The 64-bit Mac app transition: What you need to know

iMac Pro
iMac Pro (Image credit: iMore)

The Mac has been shipping with 64-bit processors since before the Intel transition and macOS, née OS X, has supported 64-bit for years. Modern technologies, like Metal, require 64-bit. One day, macOS will as well. Apple hasn't said what day that will be, at least not yet, but it's continuing its long, slow march in that general direction.

At WWDC 2018, Apple noted that macOS Mojave will be the last Mac operating system to support 32-bit apps. By fall of 2019, and possibly sooner, any 32-bit apps still on your Mac will no longer work.

Apple has been notifying Mac users since April 2018. If you open an app on your Mac and get an alert that an app isn't optimized, there are a few things you can do.

What notification will Mac users see?

If you're running macOS 10.13.4 or later, starting April 12 at midnight local time, if and when you launch a 32-bit notification, you'll get a notification that says:

[App] is not optimized for your Mac.This app needs to be updated by its developer to improve compatibility.

You'll only ever get the notification once — the first time you launch the 32-bit app, and only to let you know the app will, eventually, be outdated.

Will you still be able to run 32-bit apps on macOS?

Absolutely. For now — and until Apple officially announces and implements an end-of-support date or the next Mac operating system launches, whichever comes first.

Is there a way to see any and all 32-bit apps you might have installed on your Mac?

There is, but it's tedious.

  1. Click on the Apple icon in the Menubar.
  2. Click on About this Mac.
  3. Click on System Report.
  4. Click on Applications (under Software.)
  5. Click on an App.
  6. If the 64-bit (Intel) field says No, the app is 32-bit.

What do you do if you have 32-bit apps?

Check the Mac App Store or developer's webpage for an updated, 64-bit version of the app. If one's available, upgrade.

If there's no 64-bit version available, you can send the developer feedback, or you can look for a similar app that does support 64-bit.

When will the 32- to 64-bit transition be complete?

Apple hasn't set that date yet. Hopefully, the company is watching how fast developers are moving and users are updating and, when it does set a date, it'll be one that works for as many people as possible. The only thing we know so far is that Apple has confirmed that macOS 10.14 Mojave wil be the last macOS to support 32-bit apps.

For more information, keep an eye on Apple's knowledge base (opens in new tab).

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Rene Ritchie
Contributor

Rene Ritchie is one of the most respected Apple analysts in the business, reaching a combined audience of over 40 million readers a month. His YouTube channel, Vector, has over 90 thousand subscribers and 14 million views and his podcasts, including Debug, have been downloaded over 20 million times. He also regularly co-hosts MacBreak Weekly for the TWiT network and co-hosted CES Live! and Talk Mobile. Based in Montreal, Rene is a former director of product marketing, web developer, and graphic designer. He's authored several books and appeared on numerous television and radio segments to discuss Apple and the technology industry. When not working, he likes to cook, grapple, and spend time with his friends and family.

12 Comments
  • “If you're running macOS 10.13.4 or later, starting April 12 at midnight local time, if and when you launch a 32-bit notification, “ Fortunately, I don’t launch any 32 bit notifications.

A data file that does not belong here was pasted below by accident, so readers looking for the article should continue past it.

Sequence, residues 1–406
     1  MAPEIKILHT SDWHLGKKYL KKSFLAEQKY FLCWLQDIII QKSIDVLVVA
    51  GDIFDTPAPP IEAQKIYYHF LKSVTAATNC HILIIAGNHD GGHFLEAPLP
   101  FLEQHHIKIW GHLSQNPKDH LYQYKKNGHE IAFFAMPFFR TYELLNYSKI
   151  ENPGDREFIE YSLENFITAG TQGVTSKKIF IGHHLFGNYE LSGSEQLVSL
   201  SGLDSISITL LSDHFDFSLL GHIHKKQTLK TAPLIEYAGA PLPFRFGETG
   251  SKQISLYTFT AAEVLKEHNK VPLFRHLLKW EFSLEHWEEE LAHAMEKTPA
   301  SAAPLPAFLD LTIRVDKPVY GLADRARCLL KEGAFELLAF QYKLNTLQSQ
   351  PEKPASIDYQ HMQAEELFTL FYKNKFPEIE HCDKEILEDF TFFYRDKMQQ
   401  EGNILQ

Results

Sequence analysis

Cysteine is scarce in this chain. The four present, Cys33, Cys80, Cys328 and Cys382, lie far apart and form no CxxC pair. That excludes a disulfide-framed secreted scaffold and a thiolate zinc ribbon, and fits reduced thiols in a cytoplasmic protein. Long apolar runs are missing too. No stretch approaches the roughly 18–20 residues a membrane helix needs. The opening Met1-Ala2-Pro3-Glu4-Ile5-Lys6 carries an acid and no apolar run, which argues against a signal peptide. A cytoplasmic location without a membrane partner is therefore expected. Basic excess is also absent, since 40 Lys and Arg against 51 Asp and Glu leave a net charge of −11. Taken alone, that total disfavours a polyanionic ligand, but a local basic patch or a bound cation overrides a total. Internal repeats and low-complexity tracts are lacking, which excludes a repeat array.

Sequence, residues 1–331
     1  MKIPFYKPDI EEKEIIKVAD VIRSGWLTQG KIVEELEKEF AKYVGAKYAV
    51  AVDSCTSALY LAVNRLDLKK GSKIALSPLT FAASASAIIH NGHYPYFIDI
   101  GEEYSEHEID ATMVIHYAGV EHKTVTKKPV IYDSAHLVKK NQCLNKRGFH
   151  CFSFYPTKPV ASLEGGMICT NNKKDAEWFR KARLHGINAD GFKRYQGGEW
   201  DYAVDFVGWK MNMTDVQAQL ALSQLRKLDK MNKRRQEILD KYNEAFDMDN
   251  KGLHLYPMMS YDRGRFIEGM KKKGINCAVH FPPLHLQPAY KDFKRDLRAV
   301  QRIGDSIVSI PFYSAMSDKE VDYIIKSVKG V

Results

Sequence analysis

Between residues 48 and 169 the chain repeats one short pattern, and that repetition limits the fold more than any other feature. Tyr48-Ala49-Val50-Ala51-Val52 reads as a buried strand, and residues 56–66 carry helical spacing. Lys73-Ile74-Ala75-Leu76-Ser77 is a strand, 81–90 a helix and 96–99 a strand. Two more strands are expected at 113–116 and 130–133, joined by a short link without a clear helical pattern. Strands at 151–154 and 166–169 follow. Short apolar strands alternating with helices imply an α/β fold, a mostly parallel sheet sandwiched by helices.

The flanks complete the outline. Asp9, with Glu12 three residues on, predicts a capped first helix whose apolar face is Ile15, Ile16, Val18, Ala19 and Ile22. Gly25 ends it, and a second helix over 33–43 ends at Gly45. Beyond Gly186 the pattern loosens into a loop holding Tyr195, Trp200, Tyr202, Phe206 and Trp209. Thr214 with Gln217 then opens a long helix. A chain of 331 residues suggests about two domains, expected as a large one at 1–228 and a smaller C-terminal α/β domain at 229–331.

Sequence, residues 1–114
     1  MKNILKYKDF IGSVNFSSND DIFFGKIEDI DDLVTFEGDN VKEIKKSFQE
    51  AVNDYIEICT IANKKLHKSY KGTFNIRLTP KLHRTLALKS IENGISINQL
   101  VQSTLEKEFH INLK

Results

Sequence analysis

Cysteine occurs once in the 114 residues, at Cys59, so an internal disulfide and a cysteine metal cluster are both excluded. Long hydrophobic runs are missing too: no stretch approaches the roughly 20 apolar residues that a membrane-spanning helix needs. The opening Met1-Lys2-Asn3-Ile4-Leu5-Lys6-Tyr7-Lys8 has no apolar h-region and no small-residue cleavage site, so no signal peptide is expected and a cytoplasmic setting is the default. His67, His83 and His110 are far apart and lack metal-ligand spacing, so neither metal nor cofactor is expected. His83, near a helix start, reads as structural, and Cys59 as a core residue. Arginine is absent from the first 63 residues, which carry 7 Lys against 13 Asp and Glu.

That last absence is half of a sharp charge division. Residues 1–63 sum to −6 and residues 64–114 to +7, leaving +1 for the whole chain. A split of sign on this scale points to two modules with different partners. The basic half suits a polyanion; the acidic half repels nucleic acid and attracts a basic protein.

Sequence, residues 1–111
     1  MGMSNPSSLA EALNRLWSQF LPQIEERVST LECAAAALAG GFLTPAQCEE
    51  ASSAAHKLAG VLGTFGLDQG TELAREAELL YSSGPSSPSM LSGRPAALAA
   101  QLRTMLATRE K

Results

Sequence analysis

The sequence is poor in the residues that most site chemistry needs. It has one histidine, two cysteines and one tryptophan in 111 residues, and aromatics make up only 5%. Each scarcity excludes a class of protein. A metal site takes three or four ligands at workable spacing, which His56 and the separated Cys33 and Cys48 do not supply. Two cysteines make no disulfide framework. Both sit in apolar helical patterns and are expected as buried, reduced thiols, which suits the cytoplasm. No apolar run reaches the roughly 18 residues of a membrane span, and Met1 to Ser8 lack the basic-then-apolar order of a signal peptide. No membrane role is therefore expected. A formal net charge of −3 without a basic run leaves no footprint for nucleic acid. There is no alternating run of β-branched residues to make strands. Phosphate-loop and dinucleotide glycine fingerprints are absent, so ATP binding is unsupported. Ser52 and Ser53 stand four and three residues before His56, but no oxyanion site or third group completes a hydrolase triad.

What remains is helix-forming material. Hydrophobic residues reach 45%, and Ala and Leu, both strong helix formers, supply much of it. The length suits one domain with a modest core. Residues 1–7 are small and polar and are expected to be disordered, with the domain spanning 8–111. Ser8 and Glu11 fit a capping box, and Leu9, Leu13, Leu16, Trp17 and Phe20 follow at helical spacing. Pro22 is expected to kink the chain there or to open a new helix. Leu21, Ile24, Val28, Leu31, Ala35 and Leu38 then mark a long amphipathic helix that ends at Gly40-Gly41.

• 32-bit notifications. Even though it's a copy error, it's still quite funny
  • Kudos to the way Apple are handling this, although I'm sure folks will still whinge and whine in a few years time when the ten year old piece of software their using stops working properly.
  • I never understand this mindset, why do people expect old software to work forever? 90% of the time there is better software out there if your current piece of software is not supported. If you're really insistent on using old software, then you will need an old computer/OS to go with it. A MacBook Pro with Touch Bar doesn't have a slot for floppy disks in the same way that a future version of macOS won't have a "slot" for 32-bit applications
  • Oh **** it.
    The version of Garageband I use is 32bit. I've been fighting off updating as the ducking features I use are not on the current version.
    I only hope that this amnesty lasts, or I downgrade to a previous version of macOS.
  • What features are missing? I'm fairly new to this brilliant slice of software fried gold and and have only used the 64bit version.
  • I want iOS apps on my Mac!!!
  • They've been doing this already for MONTHs. Not news.
  • This article was bumped, you can see there are comments on this from April
  • it's almost the last mac OS period...
    https://www.zdnet.com/article/why-wwdc-2018-served-as-macs-death-sentence/
    zdnet says wwdc for more like a funeral for macOS than anything else.
    of course apple fanboys can't see past the reality distortion to see it clearly.
  • To be fair that article says more that Macs are slowly being phased out in preparation for the next big thing. It's important to recognise that Macs won't be going anywhere until something can justify replacing them, for example the iPad can't replace the Mac yet because at least in terms of developer applications it's incredibly lacklustre, heck it doesn't even have all of Apple's development applications. It's almost like you think the last macOS period is a bad thing. Products evolve, as long as what it's evolving to is better (which it will be before Macs are put to rest), then there's no problem at all.
  • And you choose to believe what some writer wrote on ZDNET, that bastion of misinformation?